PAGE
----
US Rep.: High speed rail will ease transport woes
(The Associated Press circulated the following story by Samantha Bomkamp on May 13.)
NEW YORK The development of a high-speed rail network in the Northeastern U.S. should be the first step toward expanding and improving the nation's infrastructure, U.S. Rep. John L. Mica said at a conference Tuesday.
Speaking at the Dow Jones Infrastructure Summit, Mica, R-Fla., said the development of a high-speed rail network would transform the heavily traveled New York-to-Washington corridor and begin to ease the burden on congested highways.
The high speed rail initiative is a cornerstone of legislation co-sponsored by Mica, the top Republican on the House Transportation and Infrastructure Committee.
The Passenger Rail Investment and Improvement Act would authorize more than $14.4 billion in funding for Amtrak, state passenger grants and high-speed rail over the next five years. The Rail Infrastructure Development and Expansion Act seeks to provide $24 billion in federal funds to build the high-speed network.
A train on the proposed high-speed network is defined as one that can reach speeds of at least 110 miles per hour. Amtrak's high-speed Acela service, by comparison, averages about 83 miles per hour, Mica said.
Amtrak will not be involved in any of the aspects of the new high-speed plan, Mica said. The service has not produced a profit since its launch in 1971, and relies heavily on government funding.
Mica said the ultimate goal would be to produce a passenger transit rail system that can travel between New York and Washington in about two hours.
In response to a suggestion that the Air Transport Association _ a trade group for the U.S. airline industry _ would not support such a proposal, Mica underlined the urgent need to update the rail system.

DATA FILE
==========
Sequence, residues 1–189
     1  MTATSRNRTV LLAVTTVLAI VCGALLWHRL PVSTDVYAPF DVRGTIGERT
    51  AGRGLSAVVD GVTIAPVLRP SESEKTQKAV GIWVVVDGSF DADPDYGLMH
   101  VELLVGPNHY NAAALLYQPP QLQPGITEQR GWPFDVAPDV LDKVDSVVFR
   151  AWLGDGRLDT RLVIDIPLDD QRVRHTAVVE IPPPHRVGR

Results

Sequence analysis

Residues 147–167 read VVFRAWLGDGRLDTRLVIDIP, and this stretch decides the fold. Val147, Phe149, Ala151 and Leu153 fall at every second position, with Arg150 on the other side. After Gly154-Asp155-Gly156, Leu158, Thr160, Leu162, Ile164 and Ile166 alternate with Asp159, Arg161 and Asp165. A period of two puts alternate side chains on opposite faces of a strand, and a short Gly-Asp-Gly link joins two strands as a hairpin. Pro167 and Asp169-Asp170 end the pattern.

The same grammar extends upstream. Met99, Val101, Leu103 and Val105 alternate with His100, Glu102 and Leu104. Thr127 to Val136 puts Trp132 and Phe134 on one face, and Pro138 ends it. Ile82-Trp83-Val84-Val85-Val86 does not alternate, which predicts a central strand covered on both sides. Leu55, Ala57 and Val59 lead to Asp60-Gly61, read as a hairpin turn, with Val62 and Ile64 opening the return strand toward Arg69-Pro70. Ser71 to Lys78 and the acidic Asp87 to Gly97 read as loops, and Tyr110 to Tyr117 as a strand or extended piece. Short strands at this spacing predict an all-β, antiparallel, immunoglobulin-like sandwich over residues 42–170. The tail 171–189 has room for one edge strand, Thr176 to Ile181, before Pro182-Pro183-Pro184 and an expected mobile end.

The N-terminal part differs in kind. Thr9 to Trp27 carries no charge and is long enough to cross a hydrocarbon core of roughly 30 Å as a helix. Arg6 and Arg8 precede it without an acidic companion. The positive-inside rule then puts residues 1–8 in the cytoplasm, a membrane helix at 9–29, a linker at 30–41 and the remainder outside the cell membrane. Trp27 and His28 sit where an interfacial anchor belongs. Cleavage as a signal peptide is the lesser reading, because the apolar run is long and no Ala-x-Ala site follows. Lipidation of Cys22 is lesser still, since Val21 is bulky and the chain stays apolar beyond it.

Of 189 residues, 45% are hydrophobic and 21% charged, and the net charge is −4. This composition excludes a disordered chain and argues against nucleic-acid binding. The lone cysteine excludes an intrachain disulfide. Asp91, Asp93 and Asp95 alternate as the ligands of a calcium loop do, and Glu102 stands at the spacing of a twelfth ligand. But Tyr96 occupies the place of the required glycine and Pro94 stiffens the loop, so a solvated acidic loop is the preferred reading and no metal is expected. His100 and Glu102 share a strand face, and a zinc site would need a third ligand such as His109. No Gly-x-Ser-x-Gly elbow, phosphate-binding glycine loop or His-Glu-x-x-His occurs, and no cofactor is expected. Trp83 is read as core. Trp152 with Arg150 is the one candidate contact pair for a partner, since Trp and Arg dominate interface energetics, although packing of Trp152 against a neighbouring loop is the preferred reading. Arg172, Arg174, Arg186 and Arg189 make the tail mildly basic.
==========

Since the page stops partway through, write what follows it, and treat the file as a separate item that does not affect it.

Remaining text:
"We'll drag them kicking and screaming into the 21st century," he said.
The upgraded rail network is merely the tip of the iceberg, though, of changes that Mica deems necessary to modernize the nation's highways, tracks and bridges. Funding for the projects remains a major hurdle. He estimates that about $1.5 trillion must be spent over the next five years just to maintain the current system.
Mica suggests that a partnership between public and private financiers is the key to getting some projects _ including the high speed rail network _ off the ground. Next, Mica said the regions that require the most help need to be identified and plans on how to connect individual state networks need to be laid out.
"All you need is the rules of the game, and then you can play," he said.
Mica urged that plans be developed soon to prevent disasters resulting from aging infrastructure, such as the bridge collapse in Minneapolis last year that killed 13 people.
"The good thing is, the country deals well with crises," he said. "Because the nation's infrastructure is crumbling."
Wednesday, May 14, 2008
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